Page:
B. Statutes and Regulations


Washington amended its real estate disclosure form to include disclosures of structural defects regarding elevators, stairway chair lifts, and wheelchair lifts.[1]


Indiana passed a new statute stating that the mere transportation of a real estate transaction-related document does not impose liability for its content.[2] A licensee is not responsible for a report or statement by a person who made a report concerning real estate, including an inspection report or survey, unless the report or statement was made by someone employed by the licensee or a broker with whom the licensee is associated, the report or statement was made by a person selected and hired by the licensee, or the licensee knew before closing that the statement was false.


The Colorado Real Estate Commission issued a position statement on broker disclosure of adverse material facts. The Commission provides guidance on the types of items that are considered “material facts,” such as “facts affecting title, facts affecting the physical condition of the property and environmental hazards affecting the property.”[3] The statement also provides that if material information is “contrary (i.e. “adverse”) to the interest of one of the parties,” that information must be disclosed to all parties. A broker must only disclose the information of which he or she has actual knowledge, but a broker is required not to disclose information that may “psychologically impact or stigmatize real property,” absent informed consent of the client.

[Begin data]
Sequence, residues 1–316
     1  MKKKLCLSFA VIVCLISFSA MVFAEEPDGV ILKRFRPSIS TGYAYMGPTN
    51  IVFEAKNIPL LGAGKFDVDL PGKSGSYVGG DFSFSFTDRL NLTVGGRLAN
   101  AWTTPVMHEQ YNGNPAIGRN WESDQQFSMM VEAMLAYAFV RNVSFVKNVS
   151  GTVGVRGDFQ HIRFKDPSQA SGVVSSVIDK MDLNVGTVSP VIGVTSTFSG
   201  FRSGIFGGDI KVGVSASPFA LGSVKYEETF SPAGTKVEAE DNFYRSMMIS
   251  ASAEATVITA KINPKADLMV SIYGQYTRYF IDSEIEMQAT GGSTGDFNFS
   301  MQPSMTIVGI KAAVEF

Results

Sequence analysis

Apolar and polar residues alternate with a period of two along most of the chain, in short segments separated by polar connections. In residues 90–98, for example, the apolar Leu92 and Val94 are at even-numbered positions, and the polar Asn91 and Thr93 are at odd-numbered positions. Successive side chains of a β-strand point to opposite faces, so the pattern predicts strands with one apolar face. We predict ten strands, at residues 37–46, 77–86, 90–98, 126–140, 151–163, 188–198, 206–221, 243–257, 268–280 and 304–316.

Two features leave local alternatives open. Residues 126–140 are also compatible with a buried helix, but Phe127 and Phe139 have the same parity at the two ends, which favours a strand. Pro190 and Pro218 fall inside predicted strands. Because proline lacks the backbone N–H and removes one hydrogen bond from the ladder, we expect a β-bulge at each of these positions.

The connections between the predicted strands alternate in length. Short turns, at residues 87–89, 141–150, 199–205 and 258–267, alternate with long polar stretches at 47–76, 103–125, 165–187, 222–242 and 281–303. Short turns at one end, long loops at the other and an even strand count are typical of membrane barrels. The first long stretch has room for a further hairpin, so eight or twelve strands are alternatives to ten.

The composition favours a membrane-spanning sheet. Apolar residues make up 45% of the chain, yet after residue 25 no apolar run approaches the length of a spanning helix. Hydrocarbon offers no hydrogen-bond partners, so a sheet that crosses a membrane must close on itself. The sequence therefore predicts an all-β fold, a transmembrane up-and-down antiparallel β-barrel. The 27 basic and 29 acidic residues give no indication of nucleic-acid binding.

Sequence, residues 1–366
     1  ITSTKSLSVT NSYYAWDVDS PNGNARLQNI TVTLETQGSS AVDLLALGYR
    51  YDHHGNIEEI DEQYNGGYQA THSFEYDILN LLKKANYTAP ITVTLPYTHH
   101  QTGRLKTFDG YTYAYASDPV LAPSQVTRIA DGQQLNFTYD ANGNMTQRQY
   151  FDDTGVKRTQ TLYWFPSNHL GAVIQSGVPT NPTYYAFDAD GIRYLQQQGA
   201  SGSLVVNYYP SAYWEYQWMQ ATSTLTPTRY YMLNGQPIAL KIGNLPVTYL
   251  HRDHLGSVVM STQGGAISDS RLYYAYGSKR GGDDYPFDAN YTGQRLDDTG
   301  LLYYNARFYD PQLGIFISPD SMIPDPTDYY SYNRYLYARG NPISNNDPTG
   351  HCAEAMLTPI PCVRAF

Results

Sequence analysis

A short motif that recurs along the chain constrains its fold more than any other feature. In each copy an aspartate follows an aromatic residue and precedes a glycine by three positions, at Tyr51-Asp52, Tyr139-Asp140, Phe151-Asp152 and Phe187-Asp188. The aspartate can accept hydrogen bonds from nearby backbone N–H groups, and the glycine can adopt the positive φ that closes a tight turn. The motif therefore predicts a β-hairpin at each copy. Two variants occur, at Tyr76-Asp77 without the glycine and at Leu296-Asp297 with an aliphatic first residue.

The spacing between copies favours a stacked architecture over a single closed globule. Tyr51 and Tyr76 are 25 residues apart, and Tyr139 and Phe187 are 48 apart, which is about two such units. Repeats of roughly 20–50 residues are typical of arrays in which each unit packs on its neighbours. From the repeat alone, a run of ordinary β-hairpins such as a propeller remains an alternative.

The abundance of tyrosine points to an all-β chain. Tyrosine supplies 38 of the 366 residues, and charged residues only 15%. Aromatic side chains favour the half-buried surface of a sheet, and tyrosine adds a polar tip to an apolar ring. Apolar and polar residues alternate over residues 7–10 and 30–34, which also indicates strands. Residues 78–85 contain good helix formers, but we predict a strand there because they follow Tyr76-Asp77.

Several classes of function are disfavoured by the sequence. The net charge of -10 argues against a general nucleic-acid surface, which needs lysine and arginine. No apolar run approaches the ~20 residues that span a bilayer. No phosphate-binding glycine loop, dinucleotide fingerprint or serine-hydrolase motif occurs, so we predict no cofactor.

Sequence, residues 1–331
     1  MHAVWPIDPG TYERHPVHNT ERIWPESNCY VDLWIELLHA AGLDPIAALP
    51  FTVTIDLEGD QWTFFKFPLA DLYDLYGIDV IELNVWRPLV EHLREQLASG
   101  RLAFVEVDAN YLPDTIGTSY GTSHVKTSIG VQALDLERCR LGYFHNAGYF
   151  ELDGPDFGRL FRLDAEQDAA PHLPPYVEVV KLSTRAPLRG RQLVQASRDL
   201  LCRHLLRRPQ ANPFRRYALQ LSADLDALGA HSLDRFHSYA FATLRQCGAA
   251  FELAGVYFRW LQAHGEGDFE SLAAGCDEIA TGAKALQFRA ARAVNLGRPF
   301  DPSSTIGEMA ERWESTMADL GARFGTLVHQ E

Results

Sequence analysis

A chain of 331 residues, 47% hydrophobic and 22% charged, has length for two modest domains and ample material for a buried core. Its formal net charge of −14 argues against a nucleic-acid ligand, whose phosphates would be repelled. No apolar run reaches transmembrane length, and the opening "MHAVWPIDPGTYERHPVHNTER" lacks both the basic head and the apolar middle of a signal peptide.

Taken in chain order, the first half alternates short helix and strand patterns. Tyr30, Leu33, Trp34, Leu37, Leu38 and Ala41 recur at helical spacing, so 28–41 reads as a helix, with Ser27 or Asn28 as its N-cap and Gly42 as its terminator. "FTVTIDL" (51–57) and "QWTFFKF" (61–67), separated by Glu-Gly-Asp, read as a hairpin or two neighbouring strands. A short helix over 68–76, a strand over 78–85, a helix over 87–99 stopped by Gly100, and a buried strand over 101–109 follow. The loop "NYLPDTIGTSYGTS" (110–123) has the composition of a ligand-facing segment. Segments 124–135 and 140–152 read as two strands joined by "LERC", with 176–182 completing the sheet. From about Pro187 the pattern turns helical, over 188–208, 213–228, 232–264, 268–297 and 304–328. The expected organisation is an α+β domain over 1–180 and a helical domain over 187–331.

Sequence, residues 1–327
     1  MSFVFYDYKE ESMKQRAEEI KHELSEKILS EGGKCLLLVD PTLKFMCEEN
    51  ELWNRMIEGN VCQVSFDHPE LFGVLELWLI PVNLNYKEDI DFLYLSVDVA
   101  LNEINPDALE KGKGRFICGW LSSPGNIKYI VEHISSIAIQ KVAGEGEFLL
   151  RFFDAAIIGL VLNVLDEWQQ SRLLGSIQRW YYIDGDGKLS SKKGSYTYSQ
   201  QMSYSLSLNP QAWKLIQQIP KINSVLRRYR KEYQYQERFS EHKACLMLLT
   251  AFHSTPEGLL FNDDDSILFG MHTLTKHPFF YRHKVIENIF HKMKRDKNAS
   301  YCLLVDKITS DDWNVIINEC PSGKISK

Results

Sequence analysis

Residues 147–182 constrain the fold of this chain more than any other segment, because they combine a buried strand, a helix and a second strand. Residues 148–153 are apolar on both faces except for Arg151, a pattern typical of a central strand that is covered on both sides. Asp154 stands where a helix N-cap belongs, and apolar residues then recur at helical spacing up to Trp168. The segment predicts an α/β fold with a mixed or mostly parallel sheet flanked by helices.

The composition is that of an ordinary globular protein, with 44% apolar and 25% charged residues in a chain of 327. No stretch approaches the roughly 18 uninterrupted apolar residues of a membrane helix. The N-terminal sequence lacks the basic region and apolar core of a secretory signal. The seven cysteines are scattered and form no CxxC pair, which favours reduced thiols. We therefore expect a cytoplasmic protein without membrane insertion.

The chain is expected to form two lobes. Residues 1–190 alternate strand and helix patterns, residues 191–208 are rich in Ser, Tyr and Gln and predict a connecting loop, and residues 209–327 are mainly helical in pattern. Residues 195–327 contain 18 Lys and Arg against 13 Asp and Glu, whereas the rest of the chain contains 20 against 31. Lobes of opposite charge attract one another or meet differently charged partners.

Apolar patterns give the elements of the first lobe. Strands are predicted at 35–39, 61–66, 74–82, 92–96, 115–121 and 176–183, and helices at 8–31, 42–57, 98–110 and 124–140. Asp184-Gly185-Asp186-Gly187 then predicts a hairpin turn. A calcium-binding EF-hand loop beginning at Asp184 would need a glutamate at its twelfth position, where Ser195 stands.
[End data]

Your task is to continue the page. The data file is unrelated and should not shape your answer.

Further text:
C. Volume of Materials Retrieved

Property Condition Disclosure Issues were identified 49 times in 34 cases collected during 2015 (see Table 1). Mold and Water Intrusion was addressed most frequently, followed by Boundaries and Insects/Vermin (see Table 2). Several other issues were addressed as well. Ten statutes and eleven regulations also were retrieved. The volume of cases decreased from 2014, while the number of statutes and regulations increased from 2014 (see Tables 4 and 6.)


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State Law Based Changes

Read a summary of this quarter's additions to the State Law Based Changes.